Monthly Archives: August 2011

On the way to India

January 30, 2011 – Between Guatemala City and Miami
We flew along the Cuban coast and over the green puzzle of the Everglades in a sky so clear that the view below might have been an enlarged version of a satellite picture: the turquoise brush strike of the reef lazily following the white, sandy edge of the coastal beaches; the shadows of the clouds casting over the ocher land of Florida the silhouettes of huge, somber lakes.

The Everglades' Puzzle

Being, from the very start, launched from  the futuristic base of Miami Airport was a strange introduction to India.  I must have been away from the United States and the First World for too long, because everything astonishes me as new and unfamiliar.  The Miami Airport was one example with its neat palm trees planted like soldiers along the landing strip and its sleek Sky Train shooting from one terminal to another like, well…yes a sky train.  I was reminded of Wong Kar Wai’s 2046 time train.  We could have been moving into space, so unobstructed was the view into a fiery Florida sunset, with airplanes taking off from both sides like rockets.  I might have been noticing airplanes for the first time.
Yes, definitely, I have been gone for too long I was thinking, while marveling at those – oh so elegant – Italians waiting at Immigration.  We don’t have such nice shoes-and look at those handbags-in Guatemala, let alone the people to wear them.
The Immigration and Security people were even friendly and smiling, instead of barking and scowling at you. Something has definitely changed here after all those complaints of people being unceremoniously pawed in front of everybody.  They didn’t even try to send you through the body scanner, not that I was planning to go anyway.

And then, there was a flat screen t.v. in my hotel room.  Another novelty for the yokel that I’ve become.  And CNN too, showing and commenting demonstrations in Cairo, demonstrations as fiery as the sunset a few hours earlier.  I was up until late, riveted to the television, something I hadn’t done in many, many years.
I was flying from surprise to surprise as a message from the sports drinks and soft drinks lobby warned US mothers against letting, the government raise a tax on these wholesome choices that allowed them to keep the kids pudgy, while still balancing the budget.  Mothers of America, unite!!!  That’s the true spirit of democracy.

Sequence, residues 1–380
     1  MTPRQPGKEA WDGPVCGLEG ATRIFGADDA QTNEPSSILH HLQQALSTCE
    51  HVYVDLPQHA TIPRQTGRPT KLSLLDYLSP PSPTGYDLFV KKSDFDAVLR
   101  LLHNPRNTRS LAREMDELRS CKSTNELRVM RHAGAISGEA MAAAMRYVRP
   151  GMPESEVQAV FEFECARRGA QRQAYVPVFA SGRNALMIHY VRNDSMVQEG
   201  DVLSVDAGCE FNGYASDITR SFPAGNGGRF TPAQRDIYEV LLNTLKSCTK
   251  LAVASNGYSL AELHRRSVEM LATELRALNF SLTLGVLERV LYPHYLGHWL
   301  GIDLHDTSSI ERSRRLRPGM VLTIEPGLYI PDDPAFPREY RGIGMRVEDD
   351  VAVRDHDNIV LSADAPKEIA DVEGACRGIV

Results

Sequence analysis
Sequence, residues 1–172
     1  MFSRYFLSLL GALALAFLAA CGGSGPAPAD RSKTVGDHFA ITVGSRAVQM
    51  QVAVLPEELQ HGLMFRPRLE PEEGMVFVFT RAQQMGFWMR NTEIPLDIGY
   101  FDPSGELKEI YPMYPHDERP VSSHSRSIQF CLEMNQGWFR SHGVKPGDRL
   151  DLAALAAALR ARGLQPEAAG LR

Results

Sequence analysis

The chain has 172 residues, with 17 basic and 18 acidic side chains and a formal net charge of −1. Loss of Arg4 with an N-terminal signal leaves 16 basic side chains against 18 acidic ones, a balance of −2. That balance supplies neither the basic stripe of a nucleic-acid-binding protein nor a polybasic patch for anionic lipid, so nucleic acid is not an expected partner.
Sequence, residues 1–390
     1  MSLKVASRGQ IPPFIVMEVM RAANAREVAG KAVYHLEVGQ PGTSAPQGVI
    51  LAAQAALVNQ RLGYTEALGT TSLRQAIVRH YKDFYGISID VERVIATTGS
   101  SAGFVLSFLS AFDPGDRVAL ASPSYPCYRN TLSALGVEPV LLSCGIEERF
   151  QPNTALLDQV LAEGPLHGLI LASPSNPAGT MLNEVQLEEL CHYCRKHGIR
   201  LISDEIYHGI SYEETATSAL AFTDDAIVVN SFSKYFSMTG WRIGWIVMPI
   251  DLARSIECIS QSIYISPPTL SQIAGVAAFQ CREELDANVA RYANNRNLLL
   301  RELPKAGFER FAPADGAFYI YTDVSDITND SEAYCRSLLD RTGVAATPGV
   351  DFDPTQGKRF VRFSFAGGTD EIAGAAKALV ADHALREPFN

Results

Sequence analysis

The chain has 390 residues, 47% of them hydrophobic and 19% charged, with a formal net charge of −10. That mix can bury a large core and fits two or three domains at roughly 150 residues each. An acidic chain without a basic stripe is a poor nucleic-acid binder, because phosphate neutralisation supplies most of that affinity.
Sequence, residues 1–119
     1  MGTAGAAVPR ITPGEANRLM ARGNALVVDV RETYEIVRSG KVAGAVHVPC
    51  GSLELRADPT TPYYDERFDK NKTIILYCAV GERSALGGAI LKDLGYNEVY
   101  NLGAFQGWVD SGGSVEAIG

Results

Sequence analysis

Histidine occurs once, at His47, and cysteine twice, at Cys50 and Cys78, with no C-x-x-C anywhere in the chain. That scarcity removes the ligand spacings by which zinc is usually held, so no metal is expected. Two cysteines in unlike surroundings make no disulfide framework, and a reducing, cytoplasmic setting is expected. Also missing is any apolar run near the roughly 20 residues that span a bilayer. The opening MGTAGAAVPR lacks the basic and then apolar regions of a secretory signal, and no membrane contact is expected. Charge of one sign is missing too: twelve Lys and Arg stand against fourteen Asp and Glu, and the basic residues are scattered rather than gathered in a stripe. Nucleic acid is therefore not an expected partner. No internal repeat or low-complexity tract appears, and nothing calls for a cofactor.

Yep, I have been gone for too long.  Will India manage to surprise me as much in its exoticism that the United States in its own version of it?

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From Varanasi

Varanasi, February 4, 2011

I will not get up at five tomorrow morning and go for a dip in the Ganges.  Too early, potentially too cold and, in spite of the fact that faith is the best antibiotic I’m told, I lack in faith.  To put it plainly I am a chicken.  But I plan to come back to Varanasi, that’s the wish I made while floating on the Ganges at dusk and launching a ghee (butter) lamp garlanded with marigolds into its the murky waters.

This is where I will not be tomorrow morning

Varanasi might be a good place to start veiling one’s face, that’s what I did tonight while crossing the ancient town in a rickshaw; the air feels somewhat like what blows back in your face from your vacuum cleaner bag if you shake it a little too much while changing it: dust and ashes, with the added bonus of incense, human excrement and urine, cow dung, open air sewers and the occasional whiff of rose attar mingled with smoke of course from the pyres on the shore where they burn the dead.  A veil filters some of that and prevents your throat from getting too scratchy.
And yet, I love it all, the filth and the smells, the crumbling buildings with the surprise of an Anglican church besides a gingerbready mosque; the gentle cows (and bulls too) lying in shops, happily chewing their cud and minding their own business while respectable, bespectacled Hindu lady inspect yards of extravagantly embroidered,brocaded and sequined silks in tart lollipop colors.  I love those two men carefully carrying a vat of boiling milk across the street; the be-turbaned head of another man peeking way up there from a narrow window; the Babus and Krishnas and Carlos (!!!) who follow you through the crowd, never letting go as they try to sell you bindis, postcards, any trinket really and make you promise to buy tomorrow, because today you have no money of course. I can’t count anymore all the promises I have broken already; keeping on like that might very well attract Kali’s wrath upon me.

Yesterday was Saraswati’s festival in Varanasi, and it continues today, which means that the rickshaw had to wend its way through mini-floats bearing the goddess’ effigy, each surrounded by a flock of exuberant young men, their faces painted red and having great fun jumping like monkeys around the goddess, singing, laughing and having more of a boy’s night out apparently than a spiritual experience.  I might be wrong about that.
The noise, music, honking is deafening.  I can still hear it from my room: ear plugs tonight will definitely be de rigueur.  And, on this, I am going to sleep.  I had my calls blocked until 8 am, in case some practical joker might try to wake me up.
India is wonderful but it takes its tolls, that might be the punishment for my broken promises.

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